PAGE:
The Nikon Df was extremely expensive, had a 16MP2 full frame sensor, no video capabilities, a fancy silver retro body and came with the appreciation of Mick Rock himself. At that time, I was considering a move to full frame (because if my photos weren’t good enough I needed a better camera) and my eyes were on the D600. What did a more expensive camera with less options mean? What was its purpose? I was confused. Was it a decoy to lure rich hipsters or was it the real thing? First reviews on the matter were pretty unanimous: the shooting experience was quite terrible. Ergonomically uncomfortable, an hybrid between analog and digital without the courage to be either of them, unintuitive. I gave up, kept my D7000 and spared my wallet some serious tears.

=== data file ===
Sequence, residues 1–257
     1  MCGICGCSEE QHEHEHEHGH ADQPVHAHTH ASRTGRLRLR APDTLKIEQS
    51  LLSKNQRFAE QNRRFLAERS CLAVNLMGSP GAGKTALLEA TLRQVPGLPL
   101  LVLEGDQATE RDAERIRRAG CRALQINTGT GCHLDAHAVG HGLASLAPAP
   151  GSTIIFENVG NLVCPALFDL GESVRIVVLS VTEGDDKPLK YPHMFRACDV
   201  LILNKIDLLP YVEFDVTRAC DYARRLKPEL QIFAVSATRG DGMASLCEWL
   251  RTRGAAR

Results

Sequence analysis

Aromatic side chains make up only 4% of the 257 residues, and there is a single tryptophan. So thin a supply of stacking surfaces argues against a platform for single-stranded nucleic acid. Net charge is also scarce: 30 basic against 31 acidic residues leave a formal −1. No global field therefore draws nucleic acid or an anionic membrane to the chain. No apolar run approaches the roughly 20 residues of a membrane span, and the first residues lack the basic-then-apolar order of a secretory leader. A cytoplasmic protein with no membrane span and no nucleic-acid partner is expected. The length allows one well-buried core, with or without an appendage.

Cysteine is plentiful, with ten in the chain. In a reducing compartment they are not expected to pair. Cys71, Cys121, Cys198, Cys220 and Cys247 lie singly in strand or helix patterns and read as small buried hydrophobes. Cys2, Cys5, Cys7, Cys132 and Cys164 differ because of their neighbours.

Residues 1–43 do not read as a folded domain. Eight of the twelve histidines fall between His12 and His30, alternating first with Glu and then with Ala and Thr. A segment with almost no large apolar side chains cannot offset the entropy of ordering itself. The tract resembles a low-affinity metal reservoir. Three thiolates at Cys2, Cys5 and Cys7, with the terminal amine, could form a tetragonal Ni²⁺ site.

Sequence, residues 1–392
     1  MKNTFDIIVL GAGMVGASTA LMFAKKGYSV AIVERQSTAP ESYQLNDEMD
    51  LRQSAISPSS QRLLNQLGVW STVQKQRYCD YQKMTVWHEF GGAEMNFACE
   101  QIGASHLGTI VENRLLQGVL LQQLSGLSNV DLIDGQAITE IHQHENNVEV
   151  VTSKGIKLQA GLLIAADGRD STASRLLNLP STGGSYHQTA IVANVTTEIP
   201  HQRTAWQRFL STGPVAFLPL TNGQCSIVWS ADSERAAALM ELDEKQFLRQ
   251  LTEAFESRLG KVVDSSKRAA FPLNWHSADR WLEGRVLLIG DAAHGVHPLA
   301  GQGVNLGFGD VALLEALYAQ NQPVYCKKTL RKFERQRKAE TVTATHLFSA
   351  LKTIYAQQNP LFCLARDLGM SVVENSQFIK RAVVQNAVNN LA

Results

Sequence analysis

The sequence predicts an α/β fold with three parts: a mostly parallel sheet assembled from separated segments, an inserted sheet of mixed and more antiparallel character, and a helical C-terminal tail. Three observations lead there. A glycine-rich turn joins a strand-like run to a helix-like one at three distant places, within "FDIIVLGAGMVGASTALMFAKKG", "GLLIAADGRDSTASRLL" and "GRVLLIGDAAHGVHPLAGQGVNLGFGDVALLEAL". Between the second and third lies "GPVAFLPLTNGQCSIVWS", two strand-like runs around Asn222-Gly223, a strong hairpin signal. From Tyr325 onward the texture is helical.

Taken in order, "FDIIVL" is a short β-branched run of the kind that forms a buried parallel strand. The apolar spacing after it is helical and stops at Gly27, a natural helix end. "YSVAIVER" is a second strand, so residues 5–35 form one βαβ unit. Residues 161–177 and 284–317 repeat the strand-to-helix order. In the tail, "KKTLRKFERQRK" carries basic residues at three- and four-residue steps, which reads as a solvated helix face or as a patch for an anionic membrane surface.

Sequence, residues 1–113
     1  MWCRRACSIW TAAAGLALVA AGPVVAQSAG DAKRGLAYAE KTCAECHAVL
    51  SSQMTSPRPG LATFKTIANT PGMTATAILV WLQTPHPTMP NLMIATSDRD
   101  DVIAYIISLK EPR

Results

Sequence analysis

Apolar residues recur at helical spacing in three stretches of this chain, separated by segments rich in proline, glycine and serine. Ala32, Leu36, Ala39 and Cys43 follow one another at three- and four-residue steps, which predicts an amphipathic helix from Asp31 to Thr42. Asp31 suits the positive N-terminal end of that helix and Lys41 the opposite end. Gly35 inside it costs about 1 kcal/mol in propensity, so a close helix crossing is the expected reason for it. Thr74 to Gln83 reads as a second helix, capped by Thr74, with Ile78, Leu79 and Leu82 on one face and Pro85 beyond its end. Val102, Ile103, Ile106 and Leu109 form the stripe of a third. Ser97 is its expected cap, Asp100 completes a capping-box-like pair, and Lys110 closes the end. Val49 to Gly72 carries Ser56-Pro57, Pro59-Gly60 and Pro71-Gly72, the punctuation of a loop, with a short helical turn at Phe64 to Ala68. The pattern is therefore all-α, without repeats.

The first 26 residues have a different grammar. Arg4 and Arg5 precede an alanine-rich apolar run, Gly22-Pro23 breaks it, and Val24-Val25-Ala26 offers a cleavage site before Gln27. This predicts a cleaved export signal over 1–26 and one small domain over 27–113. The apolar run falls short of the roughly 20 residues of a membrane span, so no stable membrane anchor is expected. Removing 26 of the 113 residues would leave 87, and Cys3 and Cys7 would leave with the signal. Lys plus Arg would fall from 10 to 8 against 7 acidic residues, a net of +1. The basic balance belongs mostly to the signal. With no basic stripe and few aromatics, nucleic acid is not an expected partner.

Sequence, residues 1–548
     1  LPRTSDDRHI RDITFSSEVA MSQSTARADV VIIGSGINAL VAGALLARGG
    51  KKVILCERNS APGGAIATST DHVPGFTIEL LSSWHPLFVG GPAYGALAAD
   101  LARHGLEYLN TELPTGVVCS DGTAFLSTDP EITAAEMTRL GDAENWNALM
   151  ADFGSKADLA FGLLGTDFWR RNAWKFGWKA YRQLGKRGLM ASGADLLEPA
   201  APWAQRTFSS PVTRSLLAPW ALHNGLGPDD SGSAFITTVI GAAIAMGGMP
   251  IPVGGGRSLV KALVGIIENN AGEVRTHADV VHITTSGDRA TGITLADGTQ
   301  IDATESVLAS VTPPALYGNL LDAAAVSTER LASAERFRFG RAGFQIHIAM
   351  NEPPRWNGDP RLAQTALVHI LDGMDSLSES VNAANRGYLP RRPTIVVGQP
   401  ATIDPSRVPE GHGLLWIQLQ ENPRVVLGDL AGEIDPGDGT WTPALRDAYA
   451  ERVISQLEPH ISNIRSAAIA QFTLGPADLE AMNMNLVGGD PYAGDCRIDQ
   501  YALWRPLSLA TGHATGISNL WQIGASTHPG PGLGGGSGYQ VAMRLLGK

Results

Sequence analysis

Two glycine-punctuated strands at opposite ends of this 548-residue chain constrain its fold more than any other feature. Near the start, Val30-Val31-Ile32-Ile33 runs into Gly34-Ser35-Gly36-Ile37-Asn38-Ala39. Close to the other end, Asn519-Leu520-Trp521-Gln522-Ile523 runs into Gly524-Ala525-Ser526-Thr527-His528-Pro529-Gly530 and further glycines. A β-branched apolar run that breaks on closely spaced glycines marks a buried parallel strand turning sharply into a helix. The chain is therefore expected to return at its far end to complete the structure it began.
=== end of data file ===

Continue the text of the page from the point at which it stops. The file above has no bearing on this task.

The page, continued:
But it showed me what I was missing: dials. Mechanical rings, dials and toggles.
I was completely oblivious to the struggle I was going through each and every time I pressed the shutter button. And I realized also that the Df would not help me a single bit with this problem, despite it looking so similar to my first “real” camera.
I started in the Eighties with a Nikon FG-203. When autofocus cameras became more popular, I felt like autofocus was cheating. Gosh, I was a luddite then. But, gosh, I was also very fast to manually focus, check the exposure, change the aperture and, if needed, push the absolutely-not-configurable -2EV button on the left side of the body to overexpose on the fly by two stops. This whole process usually required less than a second and its mechanics was (and still is) hardwired into my brain. It was like driving: at the beginning you struggle with the clutch, but after years of practice the machine becomes just an extension of yourself4.